Carpe diem


Right, let’s do this.

I don’t usually get the Christmas decorations out until about a week before the big day but this year, which let’s face has not exactly been vintage – corked more like – I feel the need to squeeze every last merry drop out of the festive period.

The thing is, everyone (me included) keeps banging on about what a shocker 2016 has been, but really the shit hasn’t hit the fan yet. It’s going to get a whole lot worse – next year and beyond – before it gets better.

So I say carpe that diem. Embrace the tinsel, big up your baubles and party like it’s your last (which of course, it could well be). In any case, the world seems an infinitely better place when illuminated by fairy lights.

The best Christmas gingerbread ever

img_3386This recipe is based on one given to me by my marvellous mum-in-law, who every year makes the most amazing gingerbread house that actually tastes as good as it looks. Roll the dough out thick and bake quickly and it has a moreish fudgy texture, or roll it thinner and it’s as good as those spicy little flower biscuits you can buy from IKEA.

This recipe probably makes enough dough to fashion a small house, although I wouldn’t know as I’ve never tried (nor do I intend to), but the scaled down amounts (in brackets) will make a batch of smaller biscuits enough to decorate your tree or dunk in tea for at least a couple of days.

  • 250g (85g) unsalted butter
  • 200g (70g) dark muscovado or dark brown sugar
  • 7 tbsp (3 tbsp) golden syrup
  • 600g (200g) plain flour
  • 2 tsp (3/4 tsp) bicarb of soda
  • 4-5 heaped tsp (2 tsp) ground ginger (more if you like it hot)
  • 1 heaped tsp (1/2 tsp) ground cinnamon
  • 1/2 tsp (pinch) ground cloves
  • 1/2 tsp (pinch) ground nutmeg or equivalent of freshly grated nutmeg
  • 1 level tsp (generous pinch) saltimg_3388


  1. Heat the oven to 180°. Line two large baking trays with baking parchment.
  2. Melt the butter, sugar and syrup in a pan.
  3. In a large bowl, mix the flour, bicarb, spices and salt, then stir in the melted butter mixture and mix to form a stiff dough, adding a splash of water if necessary to help it along. Wrap dough in clingfilm and leave to chill in the fridge for 30 mins.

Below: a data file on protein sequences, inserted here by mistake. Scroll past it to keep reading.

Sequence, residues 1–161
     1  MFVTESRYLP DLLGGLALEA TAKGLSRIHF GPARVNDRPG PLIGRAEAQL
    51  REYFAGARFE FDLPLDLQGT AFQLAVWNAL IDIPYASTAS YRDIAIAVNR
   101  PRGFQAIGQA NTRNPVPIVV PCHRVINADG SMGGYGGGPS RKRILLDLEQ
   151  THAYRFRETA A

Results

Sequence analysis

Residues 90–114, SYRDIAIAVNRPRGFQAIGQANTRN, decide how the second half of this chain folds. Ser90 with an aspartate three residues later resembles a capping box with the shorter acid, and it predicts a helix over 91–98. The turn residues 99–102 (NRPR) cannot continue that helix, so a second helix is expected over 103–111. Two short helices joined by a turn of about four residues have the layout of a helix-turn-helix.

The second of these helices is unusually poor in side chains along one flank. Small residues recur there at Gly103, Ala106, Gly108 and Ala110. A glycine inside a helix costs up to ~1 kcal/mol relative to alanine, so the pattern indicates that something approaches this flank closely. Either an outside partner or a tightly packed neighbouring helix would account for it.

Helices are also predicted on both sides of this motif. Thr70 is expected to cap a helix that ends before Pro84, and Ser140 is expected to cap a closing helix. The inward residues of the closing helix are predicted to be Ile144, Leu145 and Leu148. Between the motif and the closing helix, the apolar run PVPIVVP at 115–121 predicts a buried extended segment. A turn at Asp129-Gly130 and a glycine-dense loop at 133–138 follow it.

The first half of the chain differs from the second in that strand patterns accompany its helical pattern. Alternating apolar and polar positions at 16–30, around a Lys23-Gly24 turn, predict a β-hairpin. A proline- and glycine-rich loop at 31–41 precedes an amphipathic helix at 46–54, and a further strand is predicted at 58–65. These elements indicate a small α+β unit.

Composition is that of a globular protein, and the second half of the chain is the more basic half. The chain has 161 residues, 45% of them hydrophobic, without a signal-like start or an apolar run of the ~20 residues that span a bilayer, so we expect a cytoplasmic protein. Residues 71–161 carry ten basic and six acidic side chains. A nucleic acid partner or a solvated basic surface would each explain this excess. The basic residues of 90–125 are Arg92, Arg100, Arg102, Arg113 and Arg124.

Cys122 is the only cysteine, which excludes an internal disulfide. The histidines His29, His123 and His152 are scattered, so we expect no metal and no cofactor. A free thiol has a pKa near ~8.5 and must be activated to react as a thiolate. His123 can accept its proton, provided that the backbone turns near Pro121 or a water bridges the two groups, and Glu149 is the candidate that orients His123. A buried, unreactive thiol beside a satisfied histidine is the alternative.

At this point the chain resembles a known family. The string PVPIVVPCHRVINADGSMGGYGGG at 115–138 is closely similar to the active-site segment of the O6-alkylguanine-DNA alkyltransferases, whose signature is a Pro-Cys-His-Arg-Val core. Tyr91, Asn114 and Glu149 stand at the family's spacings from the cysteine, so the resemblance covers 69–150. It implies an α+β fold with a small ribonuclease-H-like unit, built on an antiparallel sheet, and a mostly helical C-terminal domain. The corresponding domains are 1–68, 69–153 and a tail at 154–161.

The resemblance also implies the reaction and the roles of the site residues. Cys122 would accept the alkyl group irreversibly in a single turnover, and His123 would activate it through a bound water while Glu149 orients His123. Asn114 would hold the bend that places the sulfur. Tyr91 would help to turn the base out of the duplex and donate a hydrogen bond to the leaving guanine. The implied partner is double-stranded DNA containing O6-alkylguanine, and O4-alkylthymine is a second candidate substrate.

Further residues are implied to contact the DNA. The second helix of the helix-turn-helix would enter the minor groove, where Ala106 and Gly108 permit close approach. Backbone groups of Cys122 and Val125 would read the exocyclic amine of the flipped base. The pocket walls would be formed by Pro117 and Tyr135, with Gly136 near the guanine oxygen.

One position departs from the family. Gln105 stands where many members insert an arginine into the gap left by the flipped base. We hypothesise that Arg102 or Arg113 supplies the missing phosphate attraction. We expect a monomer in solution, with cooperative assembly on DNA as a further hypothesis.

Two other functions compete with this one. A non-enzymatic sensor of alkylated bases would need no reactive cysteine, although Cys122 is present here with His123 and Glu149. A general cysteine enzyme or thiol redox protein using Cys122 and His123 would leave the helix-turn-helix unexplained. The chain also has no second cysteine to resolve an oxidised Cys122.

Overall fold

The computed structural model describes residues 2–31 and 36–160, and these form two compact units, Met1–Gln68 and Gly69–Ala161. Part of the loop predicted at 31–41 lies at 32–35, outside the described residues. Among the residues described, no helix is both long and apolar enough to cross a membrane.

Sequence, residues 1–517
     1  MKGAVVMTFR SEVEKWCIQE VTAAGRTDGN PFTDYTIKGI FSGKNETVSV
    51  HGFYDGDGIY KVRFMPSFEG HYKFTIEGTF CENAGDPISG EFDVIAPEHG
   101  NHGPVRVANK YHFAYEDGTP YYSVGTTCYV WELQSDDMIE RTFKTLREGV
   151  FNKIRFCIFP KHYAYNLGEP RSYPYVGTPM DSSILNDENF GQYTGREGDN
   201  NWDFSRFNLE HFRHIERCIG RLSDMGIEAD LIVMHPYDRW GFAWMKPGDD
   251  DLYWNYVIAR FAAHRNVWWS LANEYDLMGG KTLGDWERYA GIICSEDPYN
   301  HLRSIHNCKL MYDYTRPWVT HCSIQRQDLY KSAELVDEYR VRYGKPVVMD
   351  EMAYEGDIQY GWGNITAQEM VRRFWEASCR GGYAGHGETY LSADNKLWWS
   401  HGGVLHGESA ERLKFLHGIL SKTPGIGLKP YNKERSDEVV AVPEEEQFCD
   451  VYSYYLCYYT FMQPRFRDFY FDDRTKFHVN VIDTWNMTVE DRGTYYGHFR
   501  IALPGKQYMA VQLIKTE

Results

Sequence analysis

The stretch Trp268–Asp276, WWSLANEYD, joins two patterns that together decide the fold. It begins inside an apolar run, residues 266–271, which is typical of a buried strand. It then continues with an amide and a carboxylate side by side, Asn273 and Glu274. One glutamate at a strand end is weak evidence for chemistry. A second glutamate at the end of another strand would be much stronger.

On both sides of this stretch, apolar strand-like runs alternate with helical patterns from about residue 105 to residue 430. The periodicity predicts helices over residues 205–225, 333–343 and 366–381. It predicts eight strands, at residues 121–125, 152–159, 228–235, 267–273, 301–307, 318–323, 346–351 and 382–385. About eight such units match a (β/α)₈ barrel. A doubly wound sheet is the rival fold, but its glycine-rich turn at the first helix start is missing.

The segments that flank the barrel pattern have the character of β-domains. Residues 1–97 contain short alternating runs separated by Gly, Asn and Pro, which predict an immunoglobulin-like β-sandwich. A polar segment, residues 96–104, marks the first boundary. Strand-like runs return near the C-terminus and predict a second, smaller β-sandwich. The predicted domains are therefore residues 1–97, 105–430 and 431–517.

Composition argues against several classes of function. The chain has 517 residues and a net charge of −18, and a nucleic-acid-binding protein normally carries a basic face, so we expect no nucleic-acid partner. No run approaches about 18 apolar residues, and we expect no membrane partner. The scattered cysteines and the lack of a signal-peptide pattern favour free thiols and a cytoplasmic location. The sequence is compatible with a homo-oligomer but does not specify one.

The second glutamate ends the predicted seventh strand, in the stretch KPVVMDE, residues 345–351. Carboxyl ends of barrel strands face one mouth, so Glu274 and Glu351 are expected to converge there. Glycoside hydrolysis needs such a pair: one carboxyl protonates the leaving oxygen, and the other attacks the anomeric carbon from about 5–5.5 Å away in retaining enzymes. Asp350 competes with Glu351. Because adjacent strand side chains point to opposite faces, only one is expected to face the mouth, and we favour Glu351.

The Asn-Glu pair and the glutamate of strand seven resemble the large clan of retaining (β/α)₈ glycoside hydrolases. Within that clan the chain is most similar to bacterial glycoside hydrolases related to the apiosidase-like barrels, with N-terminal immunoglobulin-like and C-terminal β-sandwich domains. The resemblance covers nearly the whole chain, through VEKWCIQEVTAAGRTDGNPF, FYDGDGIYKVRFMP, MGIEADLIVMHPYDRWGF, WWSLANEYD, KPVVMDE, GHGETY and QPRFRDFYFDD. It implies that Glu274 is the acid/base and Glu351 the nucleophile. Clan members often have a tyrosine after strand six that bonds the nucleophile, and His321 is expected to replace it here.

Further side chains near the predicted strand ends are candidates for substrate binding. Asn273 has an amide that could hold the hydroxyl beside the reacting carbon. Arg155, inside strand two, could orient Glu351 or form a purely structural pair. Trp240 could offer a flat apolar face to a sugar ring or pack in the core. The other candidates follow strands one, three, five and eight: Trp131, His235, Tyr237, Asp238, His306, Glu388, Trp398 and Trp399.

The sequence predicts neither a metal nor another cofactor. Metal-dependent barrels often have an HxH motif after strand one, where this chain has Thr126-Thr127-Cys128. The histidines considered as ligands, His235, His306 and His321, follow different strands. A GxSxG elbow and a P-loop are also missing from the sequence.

4. Roll out dough to the thickness of 2 pound coins (or thinner for a crispier biscuit) and cut out desired shapes. If using the biscuits as tree decorations, cut a hole in each biscuit (I used a pen lid), then bake in the oven for 8-10 minutes (12 minutes for larger slabs) until golden brown.
  5. Remove from oven and cool on a wire rack, re-punching the holes if necessary while the biscuits are still warm. When cool, string through ribbon, hang on the tree and admire your work while polishing off all the ones that, ahem, “broke” in the process.






No pressure cooking


I never much cared for stew as I child. I could never understand why people got so excited over stringy, muddy tasting meat that had had the joy cooked out of it, nor the exclamations of, ‘just look how it falls off the bone!’, when all I could see, taste and smell was something akin to dog food. To be honest, it took me the best part of four decades to fully come round to the charms of slow cooked meat of any kind.

But come round I have. I don’t know what happened to change my opinion – maybe it was the pulled pork revolution, the soaring price of prime cuts or simply middle age – but I can’t get enough of the stuff, be it braised, roasted or stewed. There is nothing nicer at this time of year, when it’s cold and dark and there are a million and one things to do in the run up to you bloody well know what, than something slowly blipping away in the oven, filling the house with the most warming, welcoming aromas, and cooked to perfection by the time everyone comes tumbling through the front door. All that’s left for you to do is prepare the accompanying starch – which, let’s face it, is usually mashed potato. What’s not to love?

The trouble is, that while it’s true that the oven does most of the work for you, this kind of cooking still requires a degree of forethought and organisation. It cannot be left to the last minute, or hour, or three – or eight if you favour a slow cooker. This is where I fall down. Planning is not my strong point. Most days, I don’t settle on what I’m making for dinner until about 5.30pm never mind chop onions before breakfast. My scatterbrain approach is not a problem if the fridge contains chicken breasts but, as anyone who has ever tried to cook beef shin in under three hours will know, this is not a workable strategy for stew.

This is why I think the humble pressure cooker deserves its time in the limelight. While there has been much enthusiasm surrounding the rebirth of the slow cooker and its ability to allow busy people to slow cook efficiently and without burning down the house, the time-saving (and therefore energy saving) benefits of literally cooking under pressure have been largely overlooked by the cooking public. Granted it’s not very sexy, but a pressure cooker is to the disorganised cook what the slow cooker is to the methodical – a game changer. A get out of jail free card when you’ve left things too late. You do the same prep as you would with a slow cooker or casserole, but clamp that lid on, bung it on the hob and 30-45 minutes later your meat will be as soft and yielding as if it had been bubbling away all day. Kitchen alchemy.

The only problem is my kids have the same aversion to stew as I once did. They too think it resembles dog food. Thank goodness for those chicken breasts…

Lamb and date tagine